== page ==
"Mountain goats love pee. Our urine is salty, and animals love salt. At high altitudes, we pee on rocks instead of plants, because mountain goats will eat pee-salted plants until an alpine meadow is barren. So I walked away from the goats because I wanted a little privacy. It was if the sound of my zipper was a dinner bell. A narrow white face, curious, popped over a ridge 20 feet from my crotch. Then another one. Jesus Christ, talk about stage fright or performance anxiety...A few months earlier, the National Park Service had advised hikers not to urinate near trials in Olympic National Park, after a mountain goat attacked and killed a 63-year-old man on a trail there. It was the only known fatal mountain goat attack int he park's history...I zipped my pants and briskly walked away. I could wait."

He spends a lot of the book asking the question
What is a life?

Is it what he's doing? Is it what his friends who are childfree but coupled and adventuring are doing? Is it what his friends who are having babies are doing? 

Unfortunately, I do think his writing is better suited to shorter essays and stories, and I think it would be stronger if it were presented as a collection of short stories with a little bit more exposition about the characters in each bit rather than details about his inner/outer life (his toothbrush is mentioned maybe four or six times - put all the toothbrush bits together in one toothbrush section of one story and be done with it!)

This book is a book to read if you want to be inspired, reset your stoke, read ramblings about love, life, and relationships from someone in their 30s, and be reminded of all the reasons you love live an outdoors life and a few reasons why you live an indoors life. I am already planning out a few routes for this summer's camping trip which will be, I hope, semi-rad. 

Hours before meeting Brendon Leonard, we enjoy a birthday toast at Red Rock Rendezvous (we have the same birthday, and it was our birthday, which we announced to every person.)

Wednesday, February 19, 2014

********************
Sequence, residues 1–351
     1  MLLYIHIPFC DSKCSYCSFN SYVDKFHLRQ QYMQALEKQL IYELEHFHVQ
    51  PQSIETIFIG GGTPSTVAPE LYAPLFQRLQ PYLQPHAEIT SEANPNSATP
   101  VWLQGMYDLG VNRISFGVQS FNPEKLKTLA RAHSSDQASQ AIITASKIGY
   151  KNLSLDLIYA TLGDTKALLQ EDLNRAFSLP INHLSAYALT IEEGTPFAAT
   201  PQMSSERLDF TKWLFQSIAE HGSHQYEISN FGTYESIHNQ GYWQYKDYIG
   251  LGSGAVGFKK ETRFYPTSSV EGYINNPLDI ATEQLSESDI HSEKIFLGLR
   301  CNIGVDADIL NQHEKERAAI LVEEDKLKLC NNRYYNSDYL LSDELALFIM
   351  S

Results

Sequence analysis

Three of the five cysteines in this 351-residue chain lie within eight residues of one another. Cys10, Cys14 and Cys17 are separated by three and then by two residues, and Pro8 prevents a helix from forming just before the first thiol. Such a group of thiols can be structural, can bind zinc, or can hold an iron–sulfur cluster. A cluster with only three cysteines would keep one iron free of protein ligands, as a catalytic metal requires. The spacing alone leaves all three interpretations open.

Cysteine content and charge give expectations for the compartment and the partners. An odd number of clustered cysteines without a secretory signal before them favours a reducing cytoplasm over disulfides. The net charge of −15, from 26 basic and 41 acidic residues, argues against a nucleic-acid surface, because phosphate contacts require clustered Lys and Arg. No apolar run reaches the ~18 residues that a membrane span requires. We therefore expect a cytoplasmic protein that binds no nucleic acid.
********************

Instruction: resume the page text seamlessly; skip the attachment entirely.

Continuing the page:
War Dances by Sherman Alexie

"So, like I was saying, as that owl was just about to smash into our winshield, it slanted its wings, and slanted up into the dark...And I said something like, "That was magnificent," and my girlfriend - you know what she said? She said, "I'm breaking up with you because you are not an owl."

"Yeah, it was on Okinawa, an we hit the beach, and well, it's hard to talk about it - it was the worst thing...I'm not a poet - so I don't have the words - but just think of it this way - that beach, that island - was filled with sons and fathers - men who loved and were loved - American and Japanese and Okinawan - and all of us were dying - were being killed by other sons and fathers who also loved and were loved."

I am in love with Sherman Alexie. His laughing face with his long hair flowing is one of the hand-made posters that hang up in my classroom. I teach "Indian Education" basically every year in every grade that I can get away with it. "Hey Victor" is something I say sometimes to people not named Victor when I want to have an inside joke with myself. In spite of all this, I have only read two of his books - The Lone Ranger and Tonto Fistfight in Heaven (one of the books on my comps list that was not discussed at all much to my sadness) and The Absolutely True Diary of a Part Time Indian. I recommend both of them all the time to everyone. I need more Alexie in my life, and this came to me in pristine condition from Goodwill. It is his most recent work (from 2009) and is a collection of short stories and poems.